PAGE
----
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New ARG Iowa Poll Finds Rudy & Hillary On Top

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Less than a week after the Des Moines Register's Iowa Poll found the leads of John Edwards and Mitt Romney growing in their respective party presidential bids, the eighth in a series of monthly American Research Group (ARG) polls finds Hillary Clinton with nearly a double digit lead, and Giuliani and Romney in a dead heat.

Clinton received 30 percent of the measured support in the ARG poll of 600 likely Democratic caucus voters, surveyed July 26-30. ARG has measured Clinton's support at or above 30 percent in seven of its eight polls since December 2006. John Edwards registered at 21 percent—he has only eclipsed the 30 percent mark once in ARG polling (March 2007).

The other big story coming out of this new poll on the Democratic side of the ticket is New Mexico Governor Bill Richardson's showing at 13 percent—just 2 points below Barack Obama. Richardson's support had never been measured in double-digits by ARG previously, and more than doubles his June 2007 showing (5 percent).

The Republican side of the ticket is also in flux. Rudy Giuliani (22 percent) and Mitt Romney (21 percent) swap positions compared to June's ARG survey, with Romney falling 4 points and Giuliani rising 4 points.

John McCain appears to have stopped the bleeding for the moment. After falling in three straight ARG polls—from 29 percent in March to 26 percent in April to 25 percent in May to 13 percent in June—McCain gained 4 points in July, coming in third at 17 percent. Fred Thompson registered in fourth at 13 percent.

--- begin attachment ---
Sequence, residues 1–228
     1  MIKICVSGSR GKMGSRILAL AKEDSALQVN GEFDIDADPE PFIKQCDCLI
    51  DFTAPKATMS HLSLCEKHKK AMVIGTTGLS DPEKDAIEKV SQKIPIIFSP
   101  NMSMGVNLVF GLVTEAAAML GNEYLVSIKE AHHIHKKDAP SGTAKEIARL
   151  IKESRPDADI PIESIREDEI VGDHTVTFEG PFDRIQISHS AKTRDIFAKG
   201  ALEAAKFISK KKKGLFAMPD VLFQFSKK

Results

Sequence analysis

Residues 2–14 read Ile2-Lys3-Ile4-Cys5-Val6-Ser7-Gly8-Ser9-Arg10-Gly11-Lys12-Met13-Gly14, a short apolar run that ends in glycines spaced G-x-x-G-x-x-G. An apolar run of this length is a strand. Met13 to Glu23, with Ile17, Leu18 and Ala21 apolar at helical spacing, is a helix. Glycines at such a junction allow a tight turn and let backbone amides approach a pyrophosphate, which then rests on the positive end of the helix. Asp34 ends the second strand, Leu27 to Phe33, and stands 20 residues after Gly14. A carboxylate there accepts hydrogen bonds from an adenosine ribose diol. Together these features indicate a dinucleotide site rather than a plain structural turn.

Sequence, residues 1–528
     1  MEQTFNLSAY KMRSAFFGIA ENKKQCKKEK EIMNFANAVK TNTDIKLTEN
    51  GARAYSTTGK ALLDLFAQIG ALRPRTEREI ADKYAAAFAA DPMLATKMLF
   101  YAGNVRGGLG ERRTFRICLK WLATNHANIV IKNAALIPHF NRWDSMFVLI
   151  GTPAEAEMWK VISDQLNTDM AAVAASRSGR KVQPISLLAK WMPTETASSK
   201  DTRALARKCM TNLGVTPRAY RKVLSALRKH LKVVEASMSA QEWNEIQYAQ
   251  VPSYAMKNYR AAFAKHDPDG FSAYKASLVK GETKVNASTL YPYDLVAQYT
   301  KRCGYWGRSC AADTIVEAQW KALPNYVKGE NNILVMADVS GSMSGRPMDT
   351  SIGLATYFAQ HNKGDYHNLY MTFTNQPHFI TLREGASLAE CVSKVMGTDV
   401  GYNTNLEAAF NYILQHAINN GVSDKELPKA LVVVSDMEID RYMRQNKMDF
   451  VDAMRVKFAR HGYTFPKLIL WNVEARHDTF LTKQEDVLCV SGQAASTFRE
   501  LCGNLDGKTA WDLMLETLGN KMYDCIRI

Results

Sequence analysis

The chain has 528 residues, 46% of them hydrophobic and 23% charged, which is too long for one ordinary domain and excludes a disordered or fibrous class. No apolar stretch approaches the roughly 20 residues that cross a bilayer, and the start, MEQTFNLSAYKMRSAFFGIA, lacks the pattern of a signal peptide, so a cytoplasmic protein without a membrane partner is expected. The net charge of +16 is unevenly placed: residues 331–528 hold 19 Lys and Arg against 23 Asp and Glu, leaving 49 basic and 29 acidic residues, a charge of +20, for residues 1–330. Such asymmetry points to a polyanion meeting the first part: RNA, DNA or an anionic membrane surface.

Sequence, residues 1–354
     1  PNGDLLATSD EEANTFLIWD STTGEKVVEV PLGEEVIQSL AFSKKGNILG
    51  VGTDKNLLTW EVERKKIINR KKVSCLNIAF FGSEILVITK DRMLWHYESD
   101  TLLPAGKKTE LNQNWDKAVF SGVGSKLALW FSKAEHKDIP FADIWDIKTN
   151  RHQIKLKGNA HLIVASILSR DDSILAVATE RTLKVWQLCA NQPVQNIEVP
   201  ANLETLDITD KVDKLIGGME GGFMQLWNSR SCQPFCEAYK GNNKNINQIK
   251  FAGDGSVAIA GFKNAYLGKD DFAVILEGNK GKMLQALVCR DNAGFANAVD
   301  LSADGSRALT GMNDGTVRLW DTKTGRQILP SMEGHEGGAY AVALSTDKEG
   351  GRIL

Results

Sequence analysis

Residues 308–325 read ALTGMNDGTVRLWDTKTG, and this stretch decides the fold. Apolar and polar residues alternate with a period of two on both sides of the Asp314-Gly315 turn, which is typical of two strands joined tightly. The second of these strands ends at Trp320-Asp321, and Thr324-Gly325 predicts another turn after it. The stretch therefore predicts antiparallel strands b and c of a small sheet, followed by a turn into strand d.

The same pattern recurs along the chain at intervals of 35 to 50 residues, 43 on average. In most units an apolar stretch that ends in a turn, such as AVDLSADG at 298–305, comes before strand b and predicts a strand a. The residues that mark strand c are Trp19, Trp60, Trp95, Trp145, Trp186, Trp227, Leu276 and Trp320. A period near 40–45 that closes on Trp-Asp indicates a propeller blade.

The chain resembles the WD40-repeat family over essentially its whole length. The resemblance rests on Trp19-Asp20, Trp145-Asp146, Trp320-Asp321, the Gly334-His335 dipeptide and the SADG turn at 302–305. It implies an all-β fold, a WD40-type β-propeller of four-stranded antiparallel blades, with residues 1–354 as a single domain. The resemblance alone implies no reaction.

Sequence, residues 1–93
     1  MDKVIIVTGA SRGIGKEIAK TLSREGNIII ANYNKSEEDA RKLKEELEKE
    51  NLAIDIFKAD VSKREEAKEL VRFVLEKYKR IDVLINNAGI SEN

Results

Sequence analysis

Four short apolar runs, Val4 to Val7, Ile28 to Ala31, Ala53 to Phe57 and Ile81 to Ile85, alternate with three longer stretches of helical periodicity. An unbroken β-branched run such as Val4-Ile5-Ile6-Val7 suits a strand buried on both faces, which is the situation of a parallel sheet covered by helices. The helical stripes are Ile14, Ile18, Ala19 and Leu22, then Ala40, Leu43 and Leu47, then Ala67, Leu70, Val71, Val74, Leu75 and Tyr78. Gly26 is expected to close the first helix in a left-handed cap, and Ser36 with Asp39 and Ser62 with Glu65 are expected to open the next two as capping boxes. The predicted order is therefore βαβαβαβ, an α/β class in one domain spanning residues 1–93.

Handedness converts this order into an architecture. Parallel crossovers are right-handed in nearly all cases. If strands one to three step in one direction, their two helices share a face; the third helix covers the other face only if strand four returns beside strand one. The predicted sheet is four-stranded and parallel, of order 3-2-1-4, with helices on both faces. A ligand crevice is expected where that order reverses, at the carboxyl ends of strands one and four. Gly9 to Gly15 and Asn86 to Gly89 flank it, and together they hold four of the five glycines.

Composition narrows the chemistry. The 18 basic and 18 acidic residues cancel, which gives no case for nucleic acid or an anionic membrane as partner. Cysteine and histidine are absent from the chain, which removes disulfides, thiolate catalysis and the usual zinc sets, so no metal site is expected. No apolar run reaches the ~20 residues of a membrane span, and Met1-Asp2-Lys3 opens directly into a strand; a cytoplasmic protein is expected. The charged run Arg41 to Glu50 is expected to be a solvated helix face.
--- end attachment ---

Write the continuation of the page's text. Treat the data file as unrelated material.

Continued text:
Expect a lot more movement among the Democrats and Republicans in the coming months. Overall 15 percent of likely Democratic and Republican caucus voters were undecided as to which candidate they would support—the second highest level of undecided likely voters for each party in ARG's eight months of polling.

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Remains of the Data

Gender Equality in the US House: A State-by State Quarter-Century Report Card (1989-2014)

A study of 5,325 congressional elections finds the number of female U.S. Representatives has more than tripled over the last 25 years, but the rate at which women are elected to the chamber still varies greatly between the states.

Political Crumbs

Small Club in St. Paul

Mark Dayton is one of just three Minnesotans ever elected to three different statewide offices. Dayton, of course, had previously served as State Auditor (1991-1995) and U.S. Senator (2001-2007) before winning the governorship in 2010. At that time, he joined Republicans Edward Thye and J.A.A. Burnquist on this very short list. Burnquist was elected lieutenant governor in 1914 but then became governor after the death of Democrat Winfield Hammond in 1915. He then won the gubernatorial elections of 1916 and 1918 and eight terms as attorney general two decades later (1939-1955). Thye was similarly first elected lieutenant governor of the Gopher State and became governor after the resignation of fellow GOPer Harold Stasson in 1943. Thye won one additional full term as governor in 1944 and then two terms to the U.S. Senate (1947-1959). Twenty Minnesotans have been elected to two different statewide offices.


Respect Your Elders?

With retirement announcements this year by veteran U.S. Representatives such as 30-term Democrat John Dingell of Michigan, 20-term Democrat George Miller of California, and 18-term Republican Tom Petri of Wisconsin, it is no surprise that retirees from the 113th Congress are one of the most experienced cohorts in recent decades. Overall, these 24 exiting members of the House have served an average of 11.0 terms - the second longest tenure among retirees across the last 18 cycles since 1980. Only the U.S. Representatives retiring in 2006 had more experience, averaging 11.9 terms. (In that cycle, 10 of the 11 retiring members served at least 10 terms, with GOPer Bill Jenkins of Tennessee the lone exception at just five). Even without the aforementioned Dingell, the average length of service in the chamber of the remaining 23 retirees in 2014 is 10.2 terms - which would still be the third highest since 1980 behind the 2006 and 2012 (10.5 terms) cycles.


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